Global Status and Trends in Modern Biotechnology

Globally, in 2016, biotech crops occupied 185.1 million hectares, grown by 18 million farmers in 26 countries (19 developing and 7 developed countries). The global area under biotech crops has increased at 1.7 million hectares in 1996 to 185.1 million hectares in 2016 (a ~110-fold increase).

Other global milestones:

  1. The net farm economic benefit in developing countries in 2015 was US$15.4 billion.
  2. An 18.1% reduction in environmental impact of insecticides and herbicides has been recorded in 2015.
  3. Four European countries – Spain, Portugal, Slovakia and Czech Republic continued to grow commercial biotech crops in 2016.

Experiences and Evidence from Africa

As of 2015, South Africa, Burkina Faso, and Sudan were the African countries with commercialized biotech crops.

Country Biotech Crop Area (million hectares) Commercialized Biotech Crops
South Africa 2.7 Maize, soybean, cotton
Sudan 0.1 cotton

 

Biotech cotton, maize, and soybean occupied 2.7 million hectares of land in South Africa in 2016, a 16% increase from the reported biotech crop area of 2.3 million hectares in 2015. Average biotech crop adoption increased marginally at 91% in 2016.

Sudan has been planting Bt cotton since 2012. Some 120,600 hectares of Bt cotton were planted in 2016, up from 120,000 hectares in 2015. This was a major breakthrough in the cotton industry of the country because cotton production has been declining in the past couple of years due to bollworm infestation.

Health Benefits of Biotech Crops

Besides reduction in pesticide residues, biotech crops have potential to increase the nutritional value of foods and enhance human health in various ways:

  1. Lower levels of infestation by insects reduces fungal and mycotoxin in maize.
  2. Nutritionally enhanced rice for beta carotene, would provide an alternative source of vitamin A to save millions of children who go blind every year.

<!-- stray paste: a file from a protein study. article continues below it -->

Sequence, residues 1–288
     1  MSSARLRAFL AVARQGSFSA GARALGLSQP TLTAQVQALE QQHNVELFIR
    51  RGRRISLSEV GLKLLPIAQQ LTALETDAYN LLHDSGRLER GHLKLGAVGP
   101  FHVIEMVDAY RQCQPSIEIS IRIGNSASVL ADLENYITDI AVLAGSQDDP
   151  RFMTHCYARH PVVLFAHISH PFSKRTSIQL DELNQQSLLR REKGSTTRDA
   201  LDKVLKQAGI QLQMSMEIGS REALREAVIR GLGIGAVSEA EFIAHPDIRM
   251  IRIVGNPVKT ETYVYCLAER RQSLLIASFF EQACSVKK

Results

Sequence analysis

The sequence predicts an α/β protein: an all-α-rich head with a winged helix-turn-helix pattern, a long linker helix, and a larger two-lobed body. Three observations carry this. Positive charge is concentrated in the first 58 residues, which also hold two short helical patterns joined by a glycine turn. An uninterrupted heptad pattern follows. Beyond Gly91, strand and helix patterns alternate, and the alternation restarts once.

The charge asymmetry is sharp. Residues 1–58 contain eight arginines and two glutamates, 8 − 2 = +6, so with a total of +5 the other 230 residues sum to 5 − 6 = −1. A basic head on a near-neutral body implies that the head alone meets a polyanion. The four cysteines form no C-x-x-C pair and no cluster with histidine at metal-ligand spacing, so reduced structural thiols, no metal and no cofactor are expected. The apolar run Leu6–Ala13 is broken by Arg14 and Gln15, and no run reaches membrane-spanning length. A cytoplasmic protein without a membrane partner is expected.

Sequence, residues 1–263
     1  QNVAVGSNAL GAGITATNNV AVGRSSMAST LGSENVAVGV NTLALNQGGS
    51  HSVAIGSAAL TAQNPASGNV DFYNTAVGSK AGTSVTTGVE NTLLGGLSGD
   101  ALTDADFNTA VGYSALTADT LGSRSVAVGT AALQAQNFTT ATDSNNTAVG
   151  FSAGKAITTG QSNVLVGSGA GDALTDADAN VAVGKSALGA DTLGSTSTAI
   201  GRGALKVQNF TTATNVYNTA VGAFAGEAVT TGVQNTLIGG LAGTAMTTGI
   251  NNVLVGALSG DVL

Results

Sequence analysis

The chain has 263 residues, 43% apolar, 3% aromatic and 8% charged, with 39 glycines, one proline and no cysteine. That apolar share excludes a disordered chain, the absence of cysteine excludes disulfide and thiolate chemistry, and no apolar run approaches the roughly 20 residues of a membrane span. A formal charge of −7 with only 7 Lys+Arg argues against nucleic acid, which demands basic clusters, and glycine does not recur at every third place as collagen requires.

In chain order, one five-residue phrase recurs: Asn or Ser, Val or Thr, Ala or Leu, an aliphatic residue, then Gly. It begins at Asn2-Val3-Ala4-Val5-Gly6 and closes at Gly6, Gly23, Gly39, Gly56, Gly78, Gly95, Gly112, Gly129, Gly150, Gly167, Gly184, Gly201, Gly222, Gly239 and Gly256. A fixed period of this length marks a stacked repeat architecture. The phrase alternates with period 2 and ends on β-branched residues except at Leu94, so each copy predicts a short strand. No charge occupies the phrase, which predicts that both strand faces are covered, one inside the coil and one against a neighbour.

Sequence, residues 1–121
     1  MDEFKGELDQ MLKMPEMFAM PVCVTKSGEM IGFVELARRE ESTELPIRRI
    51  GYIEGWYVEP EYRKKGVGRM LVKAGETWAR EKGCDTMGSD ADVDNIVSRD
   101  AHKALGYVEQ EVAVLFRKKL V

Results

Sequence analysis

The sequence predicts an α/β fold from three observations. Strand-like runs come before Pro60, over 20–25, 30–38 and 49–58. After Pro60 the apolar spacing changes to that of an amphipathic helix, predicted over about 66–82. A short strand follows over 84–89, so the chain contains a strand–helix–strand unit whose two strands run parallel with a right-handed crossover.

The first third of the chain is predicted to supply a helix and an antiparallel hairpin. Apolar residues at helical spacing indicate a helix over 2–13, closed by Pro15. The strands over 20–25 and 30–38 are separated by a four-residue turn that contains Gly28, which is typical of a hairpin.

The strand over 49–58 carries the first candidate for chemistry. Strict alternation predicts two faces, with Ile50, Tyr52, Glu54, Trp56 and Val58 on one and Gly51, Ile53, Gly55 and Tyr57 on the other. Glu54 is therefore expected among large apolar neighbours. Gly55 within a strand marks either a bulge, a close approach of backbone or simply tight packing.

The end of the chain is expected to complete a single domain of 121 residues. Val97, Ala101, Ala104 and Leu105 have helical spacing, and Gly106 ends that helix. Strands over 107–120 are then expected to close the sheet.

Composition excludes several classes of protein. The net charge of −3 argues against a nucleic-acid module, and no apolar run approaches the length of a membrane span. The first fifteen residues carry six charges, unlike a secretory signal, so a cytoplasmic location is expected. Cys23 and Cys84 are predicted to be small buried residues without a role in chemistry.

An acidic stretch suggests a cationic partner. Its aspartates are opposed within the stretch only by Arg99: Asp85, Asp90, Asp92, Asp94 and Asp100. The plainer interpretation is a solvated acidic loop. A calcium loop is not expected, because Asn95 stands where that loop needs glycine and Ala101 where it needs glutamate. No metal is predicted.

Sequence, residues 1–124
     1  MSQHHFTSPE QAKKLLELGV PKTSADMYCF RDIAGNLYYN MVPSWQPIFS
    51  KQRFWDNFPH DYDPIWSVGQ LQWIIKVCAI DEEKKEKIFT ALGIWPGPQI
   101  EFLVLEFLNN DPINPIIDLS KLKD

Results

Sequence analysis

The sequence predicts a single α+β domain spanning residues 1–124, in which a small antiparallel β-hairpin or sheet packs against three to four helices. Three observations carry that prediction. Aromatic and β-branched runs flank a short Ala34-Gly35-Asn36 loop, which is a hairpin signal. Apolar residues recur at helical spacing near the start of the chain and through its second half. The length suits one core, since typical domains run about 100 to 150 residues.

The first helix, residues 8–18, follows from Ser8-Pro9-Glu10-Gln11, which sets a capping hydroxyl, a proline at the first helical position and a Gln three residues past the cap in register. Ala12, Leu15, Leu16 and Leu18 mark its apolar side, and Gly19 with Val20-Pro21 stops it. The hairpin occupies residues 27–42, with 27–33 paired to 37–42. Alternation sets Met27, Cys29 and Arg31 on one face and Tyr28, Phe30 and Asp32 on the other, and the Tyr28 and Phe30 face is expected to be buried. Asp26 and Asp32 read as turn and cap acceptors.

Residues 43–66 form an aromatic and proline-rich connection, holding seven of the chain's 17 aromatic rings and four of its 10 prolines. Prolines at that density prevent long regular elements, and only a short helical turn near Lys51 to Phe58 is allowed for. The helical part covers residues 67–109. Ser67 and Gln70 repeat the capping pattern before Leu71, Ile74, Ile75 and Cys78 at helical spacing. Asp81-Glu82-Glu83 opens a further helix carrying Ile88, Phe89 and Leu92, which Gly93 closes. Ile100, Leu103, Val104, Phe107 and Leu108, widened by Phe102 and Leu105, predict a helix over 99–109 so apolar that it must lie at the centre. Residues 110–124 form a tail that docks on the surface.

3. Biotech processes can reduce presence of toxic compounds - e.g. cyanide in cassava.

Environmental Benefits of Biotech Crops

  • Global cumulative reduction in pesticides usage is estimated at 619 million kg of active ingredients for the period 1996-2015. This has contributed to reduction of pesticide residue in foods and minimized impact on non-target organisms.
  • Increased productivity per unit of land, minimizing encroachment into marginal lands, destruction of forests and pollution of freshwater resources.

Progress of Biotech Crop Research in Africa

In 2016, a total of 13 countries in Africa either planted, actively evaluated field trials or transitioned to grant approvals for the general release of various biotech crops. Biotech crops under experimental research or confined field trials in Kenya (maize and cotton), Malawi (cotton), Nigeria (cotton) were approved for environmental release. Multi-location field trials were conducted in Burkina Faso (cowpea), Ghana (cowpea), Ethiopia (cotton), Swaziland (cotton), Nigeria (cowpea and sorghum), and Uganda (banana and maize). Tanzania planted its first ever confined field trial of drought tolerant maize while Mozambique granted its first ever approval for a trial of a stacked trait, an insect resistant and drought tolerant maize.